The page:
Structure can refer to anything that gets physically and tangibly built. Familiar structures are houses, bridges, amphitheatres, pergolas, and bus stop shelters. This may be just me talking, and not the dictionary, but structures imply strength and durability. An igloo is a structure that is very durable and liveable in the appropriate climate. A pergola can be variously built to support a clematis vine, or a wisteria. Structures of stone, as in the pyramids in Egypt, have existed for many centuries. A classical cathedral in Europe has a physical structure in the form of flying buttresses that permits great height and lots of glass. A bridge enables overhead foot or vehicular traffic. Structure might refer to an armature inside a sculpture. This waterbridge built in Magdeburd Germany in 2003 (photo from Twisted Sifter, April 2011) is a spectacular example of structure.
Structure can also refer to those things that have a different sort of physical presence. A well written paragraph has a structure, as does a haiku, or a limerick. A classical opera has a structure which might better be described as a form, or an organization of certain elements. Paintings are structured by their edges, no matter what shape those edges take. The composition of a painting has a structure that may vary greatly. A 16th century religious painting may have plenty in common with a painting by Picasso, but their structures have distinct differences.
Baseball and scrabble both have rules which structure how the games are played. Physically exhausting games such as hockey are structured very differently than chess. Imagine a game (this implies a structure) or sport (this emphatically implies structure) with no structure. One person might show up with a bat in a neighbor’s basement-then what? That person would need to create a structure based on the physical limitations of the space and his solitary tool, and create a game. Alternately, 50 people might show up in snowmobile suits, swim trunks, shoulder pads and helmets, with bikes or decks of cards in a parking lot, or on a mountain top. Then what? The game would be created, rules would be established. Teams would be chosen, or every person for themselves would compete against a goal, or a standard. Or perhaps everyone would read from their favorite book-to what end would have to be decided.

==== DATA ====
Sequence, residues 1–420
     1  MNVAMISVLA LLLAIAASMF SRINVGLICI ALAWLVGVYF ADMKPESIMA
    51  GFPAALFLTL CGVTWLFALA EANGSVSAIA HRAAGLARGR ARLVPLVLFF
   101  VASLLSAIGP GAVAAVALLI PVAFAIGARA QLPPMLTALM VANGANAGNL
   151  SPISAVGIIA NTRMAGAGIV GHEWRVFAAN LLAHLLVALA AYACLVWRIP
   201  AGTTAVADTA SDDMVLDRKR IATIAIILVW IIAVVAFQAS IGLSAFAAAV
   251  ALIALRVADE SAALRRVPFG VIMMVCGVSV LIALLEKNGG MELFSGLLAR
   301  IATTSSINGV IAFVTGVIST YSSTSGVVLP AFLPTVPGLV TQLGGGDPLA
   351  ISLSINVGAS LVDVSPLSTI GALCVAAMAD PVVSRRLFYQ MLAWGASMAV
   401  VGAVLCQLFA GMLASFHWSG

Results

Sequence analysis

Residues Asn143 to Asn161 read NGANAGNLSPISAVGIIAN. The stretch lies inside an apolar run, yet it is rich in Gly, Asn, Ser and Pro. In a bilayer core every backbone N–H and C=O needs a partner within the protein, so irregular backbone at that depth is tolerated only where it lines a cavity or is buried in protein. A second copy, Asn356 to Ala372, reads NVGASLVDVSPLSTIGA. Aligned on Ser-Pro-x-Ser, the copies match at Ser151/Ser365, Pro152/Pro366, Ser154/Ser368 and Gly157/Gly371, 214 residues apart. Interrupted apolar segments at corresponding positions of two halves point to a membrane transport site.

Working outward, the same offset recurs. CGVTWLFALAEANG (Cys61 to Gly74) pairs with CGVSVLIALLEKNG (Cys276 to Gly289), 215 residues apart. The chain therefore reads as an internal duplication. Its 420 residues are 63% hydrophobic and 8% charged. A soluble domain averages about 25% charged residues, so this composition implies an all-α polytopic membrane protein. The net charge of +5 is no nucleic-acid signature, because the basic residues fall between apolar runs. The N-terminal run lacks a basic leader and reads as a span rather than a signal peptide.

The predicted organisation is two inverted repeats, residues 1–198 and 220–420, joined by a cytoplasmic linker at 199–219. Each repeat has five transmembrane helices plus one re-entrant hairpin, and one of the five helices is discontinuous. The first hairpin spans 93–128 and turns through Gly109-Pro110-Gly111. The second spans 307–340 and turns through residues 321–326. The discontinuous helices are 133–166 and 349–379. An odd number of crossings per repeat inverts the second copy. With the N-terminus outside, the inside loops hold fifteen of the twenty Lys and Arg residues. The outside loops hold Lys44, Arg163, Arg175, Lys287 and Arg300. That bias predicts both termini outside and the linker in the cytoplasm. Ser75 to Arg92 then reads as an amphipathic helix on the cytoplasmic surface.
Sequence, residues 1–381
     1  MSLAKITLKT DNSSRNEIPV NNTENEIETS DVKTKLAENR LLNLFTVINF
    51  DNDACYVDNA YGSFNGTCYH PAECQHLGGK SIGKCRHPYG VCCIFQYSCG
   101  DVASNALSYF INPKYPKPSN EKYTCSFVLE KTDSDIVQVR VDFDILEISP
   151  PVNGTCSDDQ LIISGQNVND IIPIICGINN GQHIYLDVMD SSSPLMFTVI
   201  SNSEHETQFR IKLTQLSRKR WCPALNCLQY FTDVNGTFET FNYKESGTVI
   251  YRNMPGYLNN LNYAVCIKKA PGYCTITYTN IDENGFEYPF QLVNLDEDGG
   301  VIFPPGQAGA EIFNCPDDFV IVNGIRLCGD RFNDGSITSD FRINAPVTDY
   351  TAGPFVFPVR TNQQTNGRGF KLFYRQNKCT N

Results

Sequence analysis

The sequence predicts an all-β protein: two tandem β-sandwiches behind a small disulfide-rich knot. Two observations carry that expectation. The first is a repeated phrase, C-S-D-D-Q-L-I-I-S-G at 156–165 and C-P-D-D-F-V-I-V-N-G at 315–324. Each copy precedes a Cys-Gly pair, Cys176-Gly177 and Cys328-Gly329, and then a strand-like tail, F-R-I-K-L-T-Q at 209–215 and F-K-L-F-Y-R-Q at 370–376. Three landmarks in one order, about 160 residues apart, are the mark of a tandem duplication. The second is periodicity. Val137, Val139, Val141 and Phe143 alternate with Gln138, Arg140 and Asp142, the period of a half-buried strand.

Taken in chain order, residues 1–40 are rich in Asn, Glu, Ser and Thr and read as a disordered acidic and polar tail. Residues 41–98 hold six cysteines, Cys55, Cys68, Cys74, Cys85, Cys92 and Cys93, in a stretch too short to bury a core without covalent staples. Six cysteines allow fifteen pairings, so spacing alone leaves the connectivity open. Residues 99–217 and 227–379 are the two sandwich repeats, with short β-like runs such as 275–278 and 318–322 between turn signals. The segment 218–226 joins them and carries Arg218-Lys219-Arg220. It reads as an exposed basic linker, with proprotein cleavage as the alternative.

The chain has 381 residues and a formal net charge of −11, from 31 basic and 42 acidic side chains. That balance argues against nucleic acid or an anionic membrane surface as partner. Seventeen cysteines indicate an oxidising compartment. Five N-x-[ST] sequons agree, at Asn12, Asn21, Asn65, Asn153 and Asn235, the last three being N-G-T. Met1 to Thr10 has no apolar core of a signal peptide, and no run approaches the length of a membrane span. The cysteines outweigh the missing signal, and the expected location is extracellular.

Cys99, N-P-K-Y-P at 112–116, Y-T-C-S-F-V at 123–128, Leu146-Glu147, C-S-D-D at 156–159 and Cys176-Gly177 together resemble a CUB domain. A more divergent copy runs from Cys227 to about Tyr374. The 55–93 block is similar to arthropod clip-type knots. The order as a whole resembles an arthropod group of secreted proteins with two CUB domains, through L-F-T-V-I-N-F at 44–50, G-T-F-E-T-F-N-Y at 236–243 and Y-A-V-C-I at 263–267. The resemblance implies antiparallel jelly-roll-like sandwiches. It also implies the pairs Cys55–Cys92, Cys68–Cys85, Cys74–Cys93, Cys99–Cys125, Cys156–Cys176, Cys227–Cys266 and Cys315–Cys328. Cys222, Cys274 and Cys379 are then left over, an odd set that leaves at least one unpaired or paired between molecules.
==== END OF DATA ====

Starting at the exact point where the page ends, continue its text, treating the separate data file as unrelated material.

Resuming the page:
This is a long way of saying that great landscapes and gardens benefit from some structure. This does not mean they need to be formal, or traditional, or boring. It means there is a deliberate arrangement of each element. The relationship of one element to the next is deliberate. As in organized. Organized spaces are pleasurably easy to follow, both visually, and physically. A path leading to an abrupt dead end with no visual prize is frustrating. A landscape that suggests certain relationships is intriguing, satisfying.
Visual organization comes in lots of different forms. Evergreens planted in shapes or lines provide structure that is evident in every season. This boxwood parterre/sculpture provides a framework for seasonal plantings. Were nothing else planted, the landscape would still read. In all of the seasons.
A large pot set in a meadow can organize, or focus the eye. The edges of a meadow might provide it with structure. Very architectural plants can provide structure. In wild places, species will colonize areas that provide them with optimal conditions. Every aspect of nature, beginning with the arrangement of molecules and ending with the arrangement of the solar systems is about structure.
Grass can comprise those spaces left over once garden or landscape beds are cut. Or they can have a powerfully purposeful shape. In this case, the lawn covers sculpted soil. The amphitheatre organizes a large space, and provides direction as to where to walk, or where to hold a concert. The structure of this lawn makes it makes friendly to people.
These four matching Italian pots and myrtle topiaries visually mark the walkway from the house to the side garden. As that walk crosses over the driveway, it is a good idea to provide some structure-as in “slow down before you cross-check out these topiaries while you are waiting.”
This cutting garden is enclosed by a stepped hedge of yews and boxwoods. During those parts of the year when this ground lies fallow, the garden will still have a shape, and some enclosure. It will still compell the eye.
This contemporary garden is very structured. A wall of green in the form of Thuja Nigra, a single tree and a sculpture make for a very minimal, but visually satisfying landscape. Imagine the sculpture without the green wall behind it-I am guessing it would be barely visible against the visual noise from the houses down the street. Imagine the sculpture without the tree-lonely and disconnected. Imagine the tree and the arborvitae hedge without the sculpture-sleepy. The relationship and placement of each element is deliberate, structured. This structure makes the experience of the landscape an interesting one.